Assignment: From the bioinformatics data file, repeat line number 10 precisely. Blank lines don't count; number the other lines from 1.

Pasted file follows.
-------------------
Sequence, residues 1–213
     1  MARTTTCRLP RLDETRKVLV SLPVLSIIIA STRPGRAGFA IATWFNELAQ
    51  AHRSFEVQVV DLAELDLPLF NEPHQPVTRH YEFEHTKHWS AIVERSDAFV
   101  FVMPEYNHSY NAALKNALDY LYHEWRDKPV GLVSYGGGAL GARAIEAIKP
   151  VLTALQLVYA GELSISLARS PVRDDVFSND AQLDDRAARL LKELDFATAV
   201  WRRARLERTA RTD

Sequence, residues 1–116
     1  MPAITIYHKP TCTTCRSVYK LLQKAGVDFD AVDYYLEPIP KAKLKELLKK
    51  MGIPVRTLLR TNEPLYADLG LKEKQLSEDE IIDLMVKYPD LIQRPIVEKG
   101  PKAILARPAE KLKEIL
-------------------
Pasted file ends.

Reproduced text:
   101  PKAILARPAE KLKEIL